One of the distinguishing features of French music is the care for color. From Jean-Philippe Rameau to spectralism, to Hector Berlioz and Claude Debussy, we can find a refined and voluptuous conception of instrumentation and orchestration, with a special focus on timbre games.
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Claude Debussy’s Prélude à l’après-midi d’un faune takes its name from the eponymous poem by Stéphane Mallarmé. Its musical fragments treated as a succession of sketches of pantheistic scenes make this work crucially relevant to understanding both last century’s orchestral music and modern dance based on Vaslav Nijinsky’s choreography of the piece.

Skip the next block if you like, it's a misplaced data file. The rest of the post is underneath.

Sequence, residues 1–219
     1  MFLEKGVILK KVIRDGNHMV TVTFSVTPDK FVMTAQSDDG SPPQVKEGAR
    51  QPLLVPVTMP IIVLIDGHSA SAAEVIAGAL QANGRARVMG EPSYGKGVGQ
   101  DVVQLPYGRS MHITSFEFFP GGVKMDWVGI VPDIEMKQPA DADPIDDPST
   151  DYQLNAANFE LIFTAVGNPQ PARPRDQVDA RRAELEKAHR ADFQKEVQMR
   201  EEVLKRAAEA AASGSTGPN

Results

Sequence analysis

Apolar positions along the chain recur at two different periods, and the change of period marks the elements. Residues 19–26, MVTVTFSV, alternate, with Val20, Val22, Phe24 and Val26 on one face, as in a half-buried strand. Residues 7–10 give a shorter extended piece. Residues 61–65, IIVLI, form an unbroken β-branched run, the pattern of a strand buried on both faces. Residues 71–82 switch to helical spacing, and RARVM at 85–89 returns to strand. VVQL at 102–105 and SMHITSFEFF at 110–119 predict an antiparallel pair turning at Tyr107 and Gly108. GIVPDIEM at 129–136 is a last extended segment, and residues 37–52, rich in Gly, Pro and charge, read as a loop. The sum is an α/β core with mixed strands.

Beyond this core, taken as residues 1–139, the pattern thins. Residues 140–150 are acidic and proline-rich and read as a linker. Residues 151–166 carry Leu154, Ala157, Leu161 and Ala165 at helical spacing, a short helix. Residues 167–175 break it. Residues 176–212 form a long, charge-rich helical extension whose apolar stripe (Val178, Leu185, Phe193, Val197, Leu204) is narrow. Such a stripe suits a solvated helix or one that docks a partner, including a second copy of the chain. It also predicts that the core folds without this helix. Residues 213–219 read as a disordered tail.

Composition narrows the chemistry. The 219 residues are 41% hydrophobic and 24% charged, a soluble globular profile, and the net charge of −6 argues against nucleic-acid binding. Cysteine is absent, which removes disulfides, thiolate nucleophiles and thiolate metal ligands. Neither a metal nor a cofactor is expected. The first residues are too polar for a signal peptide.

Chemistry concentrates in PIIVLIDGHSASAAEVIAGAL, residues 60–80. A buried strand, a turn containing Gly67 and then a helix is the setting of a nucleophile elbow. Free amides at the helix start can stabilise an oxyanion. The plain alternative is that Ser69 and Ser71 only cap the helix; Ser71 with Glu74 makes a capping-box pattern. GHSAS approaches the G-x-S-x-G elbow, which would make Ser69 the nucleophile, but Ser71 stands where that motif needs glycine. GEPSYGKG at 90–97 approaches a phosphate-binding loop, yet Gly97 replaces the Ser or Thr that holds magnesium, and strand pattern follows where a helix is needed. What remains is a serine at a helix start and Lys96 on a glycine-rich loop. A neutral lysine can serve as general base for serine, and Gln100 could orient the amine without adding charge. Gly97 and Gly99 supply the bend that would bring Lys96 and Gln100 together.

Marc-André Dalbavie’s flute concerto, which he dedicated to Emmanuel Pahud, is a bold search for the possibilities of tone and the sound process as drivers of a virtuosity that is never redundant.
Ma mère l’Oye, the last work in the program, takes its name from Charles Perrault's classic collection of short stories published in 1697, and begins with a prelude. Original for four-handed piano and written in 1908, it was a gift from Maurice Ravel to Mimi and Jean Godebski, children of two of his best friends.